Although our knowledge of Nordic composers seems now to circle around Nielsen, Grieg, and Sibelius, the latter two who trained in the German and Austrian tradition, there were also other composers, such as the Finnish composer Selim Palmgren (1878-1951), who we should also consider.
Professionally, he studied in Berlin with Konrad Ansorge, who had been a student of Liszt, and Ferruccio Busoni. He was a touring pianist, a choral and orchestral conductor and taught at the Eastman School of Music in Rochester (1921-1926), NY. As a composer, he wrote in all genres, including over 300 pieces for piano and five piano concertos that were widely performed at the time by some of the great pianists, including Ignaz Friedman, Myra Hess, Wilhelm Backhaus, and Benno Moiseiwitsch. In his memoirs, written before WWI, he said that his music had already been performed in places as exotic as ‘Florida, Java, and even as far as Ceylon.’ His contemporaries called him the ‘Chopin of the North’ (Pohjolan Chopiniksi) and his work owes a great deal to Debussy and musical impressionism.
Little of his work has remained in the repertoire in the 70 years since his death. Part of the problem is that Palmgren himself did little to promote his works, there’s no complete catalogue of his works, and many of his works are undated and still remain in manuscript. Rather than taking Palmgren’s own self-description of himself merely as ‘a musician,’ we should consider him a composer of ‘international significance who simply lacked time to write a bigger number of works.’ In addition to his own career as a pianist and composer, he was also principle conductor of the Turku Philharmonic (1909-1912) and a guest conductor of the Helsinki Philharmonic, and an active music critic.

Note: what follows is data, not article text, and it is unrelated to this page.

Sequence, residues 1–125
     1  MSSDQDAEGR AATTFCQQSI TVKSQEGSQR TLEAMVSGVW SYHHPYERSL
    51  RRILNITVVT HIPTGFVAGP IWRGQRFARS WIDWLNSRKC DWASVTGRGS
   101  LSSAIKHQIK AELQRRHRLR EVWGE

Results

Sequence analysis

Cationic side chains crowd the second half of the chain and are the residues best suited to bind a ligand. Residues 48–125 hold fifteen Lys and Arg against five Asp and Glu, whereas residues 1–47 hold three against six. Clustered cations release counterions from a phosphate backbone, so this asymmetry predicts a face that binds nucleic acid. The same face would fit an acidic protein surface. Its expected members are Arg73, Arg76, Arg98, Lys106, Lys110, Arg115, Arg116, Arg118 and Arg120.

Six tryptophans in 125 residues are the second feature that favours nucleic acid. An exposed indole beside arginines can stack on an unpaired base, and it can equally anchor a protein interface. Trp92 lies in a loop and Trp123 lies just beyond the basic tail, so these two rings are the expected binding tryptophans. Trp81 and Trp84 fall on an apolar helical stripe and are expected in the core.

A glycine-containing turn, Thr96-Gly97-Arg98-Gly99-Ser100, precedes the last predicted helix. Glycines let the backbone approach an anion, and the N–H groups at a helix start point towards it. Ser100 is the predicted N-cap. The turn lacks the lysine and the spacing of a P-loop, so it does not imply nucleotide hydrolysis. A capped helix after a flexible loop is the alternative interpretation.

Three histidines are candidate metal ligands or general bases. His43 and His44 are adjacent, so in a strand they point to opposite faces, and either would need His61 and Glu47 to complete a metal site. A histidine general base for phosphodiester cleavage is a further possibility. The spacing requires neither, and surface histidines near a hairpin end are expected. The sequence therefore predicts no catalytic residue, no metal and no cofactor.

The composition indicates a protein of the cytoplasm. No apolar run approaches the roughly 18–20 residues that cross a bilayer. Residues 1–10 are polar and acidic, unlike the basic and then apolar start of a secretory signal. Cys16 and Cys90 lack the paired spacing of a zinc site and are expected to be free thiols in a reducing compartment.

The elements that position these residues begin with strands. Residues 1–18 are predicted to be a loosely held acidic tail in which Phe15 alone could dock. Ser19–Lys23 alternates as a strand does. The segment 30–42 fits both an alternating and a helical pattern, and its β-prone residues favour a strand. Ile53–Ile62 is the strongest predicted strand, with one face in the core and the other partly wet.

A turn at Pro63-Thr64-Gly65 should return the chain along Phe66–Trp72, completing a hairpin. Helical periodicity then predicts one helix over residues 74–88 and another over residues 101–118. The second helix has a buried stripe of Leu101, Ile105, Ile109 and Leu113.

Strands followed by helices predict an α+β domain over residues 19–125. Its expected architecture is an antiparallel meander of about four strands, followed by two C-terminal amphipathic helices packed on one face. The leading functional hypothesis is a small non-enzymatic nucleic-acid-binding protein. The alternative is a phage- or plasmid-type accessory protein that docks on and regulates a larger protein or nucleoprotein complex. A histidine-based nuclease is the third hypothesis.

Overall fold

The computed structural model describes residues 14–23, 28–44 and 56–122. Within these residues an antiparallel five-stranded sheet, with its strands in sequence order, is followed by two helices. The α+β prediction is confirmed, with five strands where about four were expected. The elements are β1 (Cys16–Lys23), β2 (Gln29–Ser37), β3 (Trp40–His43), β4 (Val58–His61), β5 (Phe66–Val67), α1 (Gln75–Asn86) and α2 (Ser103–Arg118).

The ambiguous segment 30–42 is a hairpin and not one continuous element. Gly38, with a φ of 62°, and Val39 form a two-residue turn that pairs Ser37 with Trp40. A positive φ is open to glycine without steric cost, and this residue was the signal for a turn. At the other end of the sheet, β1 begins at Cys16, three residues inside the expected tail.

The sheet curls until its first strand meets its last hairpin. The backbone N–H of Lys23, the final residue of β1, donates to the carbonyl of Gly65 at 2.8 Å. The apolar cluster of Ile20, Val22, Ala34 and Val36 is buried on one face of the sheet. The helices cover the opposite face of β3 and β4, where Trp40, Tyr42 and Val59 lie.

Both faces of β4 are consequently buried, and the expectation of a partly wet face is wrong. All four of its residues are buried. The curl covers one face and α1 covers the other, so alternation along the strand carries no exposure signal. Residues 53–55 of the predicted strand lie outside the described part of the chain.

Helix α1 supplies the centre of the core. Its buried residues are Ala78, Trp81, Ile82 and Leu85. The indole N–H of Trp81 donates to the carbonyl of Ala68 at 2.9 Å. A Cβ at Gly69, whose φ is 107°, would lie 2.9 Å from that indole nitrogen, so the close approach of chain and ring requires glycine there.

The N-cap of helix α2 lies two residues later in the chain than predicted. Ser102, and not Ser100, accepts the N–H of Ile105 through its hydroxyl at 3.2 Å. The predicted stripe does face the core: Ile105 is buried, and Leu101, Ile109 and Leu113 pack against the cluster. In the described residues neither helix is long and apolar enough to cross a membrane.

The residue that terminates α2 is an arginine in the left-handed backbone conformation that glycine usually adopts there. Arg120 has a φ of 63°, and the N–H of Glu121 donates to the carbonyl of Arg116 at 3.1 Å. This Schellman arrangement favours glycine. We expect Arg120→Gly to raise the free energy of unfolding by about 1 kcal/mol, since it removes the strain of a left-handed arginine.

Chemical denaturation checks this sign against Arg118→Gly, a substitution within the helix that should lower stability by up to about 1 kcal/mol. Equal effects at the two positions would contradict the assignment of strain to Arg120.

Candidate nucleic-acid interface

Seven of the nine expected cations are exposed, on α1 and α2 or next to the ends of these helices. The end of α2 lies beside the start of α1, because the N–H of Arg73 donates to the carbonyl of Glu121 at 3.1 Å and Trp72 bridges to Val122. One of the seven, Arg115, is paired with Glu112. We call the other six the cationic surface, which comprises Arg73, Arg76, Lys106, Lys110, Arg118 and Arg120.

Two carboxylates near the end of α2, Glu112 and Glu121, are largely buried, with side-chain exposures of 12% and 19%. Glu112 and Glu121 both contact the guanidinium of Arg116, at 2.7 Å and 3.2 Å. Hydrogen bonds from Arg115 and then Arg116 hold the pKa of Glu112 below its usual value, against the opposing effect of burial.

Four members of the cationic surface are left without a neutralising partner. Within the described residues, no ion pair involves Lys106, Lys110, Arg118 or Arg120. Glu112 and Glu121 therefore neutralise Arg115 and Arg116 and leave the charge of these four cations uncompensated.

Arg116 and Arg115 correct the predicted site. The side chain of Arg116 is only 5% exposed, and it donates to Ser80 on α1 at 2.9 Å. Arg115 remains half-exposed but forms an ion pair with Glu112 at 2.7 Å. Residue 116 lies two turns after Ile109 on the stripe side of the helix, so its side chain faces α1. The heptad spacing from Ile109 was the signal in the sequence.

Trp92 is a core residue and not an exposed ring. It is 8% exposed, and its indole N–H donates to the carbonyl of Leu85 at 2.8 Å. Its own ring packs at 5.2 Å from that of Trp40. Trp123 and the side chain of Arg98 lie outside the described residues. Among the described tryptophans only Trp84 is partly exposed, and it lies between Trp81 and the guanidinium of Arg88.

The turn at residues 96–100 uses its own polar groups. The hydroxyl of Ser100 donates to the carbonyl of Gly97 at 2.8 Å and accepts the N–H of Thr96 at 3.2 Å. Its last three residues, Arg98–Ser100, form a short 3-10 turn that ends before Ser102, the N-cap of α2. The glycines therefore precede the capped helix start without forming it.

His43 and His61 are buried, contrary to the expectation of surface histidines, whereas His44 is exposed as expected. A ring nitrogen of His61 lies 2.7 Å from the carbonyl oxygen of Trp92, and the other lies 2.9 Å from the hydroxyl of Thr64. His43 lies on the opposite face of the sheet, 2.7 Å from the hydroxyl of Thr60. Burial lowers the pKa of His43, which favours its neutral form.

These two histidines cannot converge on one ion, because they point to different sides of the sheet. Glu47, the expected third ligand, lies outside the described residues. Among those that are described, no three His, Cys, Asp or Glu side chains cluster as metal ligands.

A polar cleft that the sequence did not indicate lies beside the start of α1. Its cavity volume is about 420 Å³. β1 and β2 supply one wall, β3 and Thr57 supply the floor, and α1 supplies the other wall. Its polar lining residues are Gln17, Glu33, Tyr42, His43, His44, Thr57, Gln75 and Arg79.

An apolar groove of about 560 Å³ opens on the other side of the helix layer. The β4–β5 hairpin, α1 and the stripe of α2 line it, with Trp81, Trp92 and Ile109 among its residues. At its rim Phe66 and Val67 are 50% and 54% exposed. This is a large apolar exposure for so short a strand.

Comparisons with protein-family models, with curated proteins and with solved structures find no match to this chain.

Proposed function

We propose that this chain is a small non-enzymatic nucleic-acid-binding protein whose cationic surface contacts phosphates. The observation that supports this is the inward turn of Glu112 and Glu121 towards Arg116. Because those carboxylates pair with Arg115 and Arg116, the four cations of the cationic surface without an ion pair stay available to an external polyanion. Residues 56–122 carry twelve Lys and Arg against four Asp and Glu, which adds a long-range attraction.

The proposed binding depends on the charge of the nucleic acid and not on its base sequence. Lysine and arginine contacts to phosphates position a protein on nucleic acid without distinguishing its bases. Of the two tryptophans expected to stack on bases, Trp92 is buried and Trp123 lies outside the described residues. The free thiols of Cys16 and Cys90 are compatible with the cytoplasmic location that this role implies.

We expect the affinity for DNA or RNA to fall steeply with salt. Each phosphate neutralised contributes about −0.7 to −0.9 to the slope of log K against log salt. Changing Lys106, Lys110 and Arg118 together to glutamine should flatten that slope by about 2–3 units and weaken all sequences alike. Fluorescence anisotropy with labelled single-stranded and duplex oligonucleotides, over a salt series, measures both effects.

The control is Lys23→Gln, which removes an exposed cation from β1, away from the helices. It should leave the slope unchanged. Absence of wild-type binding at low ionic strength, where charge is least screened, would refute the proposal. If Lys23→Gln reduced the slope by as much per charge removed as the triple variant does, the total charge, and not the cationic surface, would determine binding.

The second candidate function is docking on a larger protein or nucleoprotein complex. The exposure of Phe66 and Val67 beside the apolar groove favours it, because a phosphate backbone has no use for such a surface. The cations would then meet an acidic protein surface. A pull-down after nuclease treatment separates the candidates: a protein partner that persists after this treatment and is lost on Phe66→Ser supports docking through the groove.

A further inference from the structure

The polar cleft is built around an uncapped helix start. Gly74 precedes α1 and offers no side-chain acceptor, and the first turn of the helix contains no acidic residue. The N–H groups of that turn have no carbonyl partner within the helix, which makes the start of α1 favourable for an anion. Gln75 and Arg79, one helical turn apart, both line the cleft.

If we look at Palmgren’s 1904 work, Aria, we could almost be part of the Spain created by Enrique Granados. Slow, singing and sultry, the Aria is placed in a crystal world where the piano left hand sometimes creates an interesting backdrop, and other times, joins the melody in a focused declaration.
Selim Palmgren: Aria (Jouni Somero, piano)
Finnish pianist Jouni Somero made this recording as the first volume of a set of recordings of Palmgren’s complete piano music. Somero (b. 1963) started on the organ at age 8 but became a pianist at age 12. He records widely including the complete piano works by Bortkiewicz (nine volumes), Tchaikovsky (six volumes), Kuula, and the complete piano and chamber music of Erkki Salmenhaara.
Selim Palmgren: Aria
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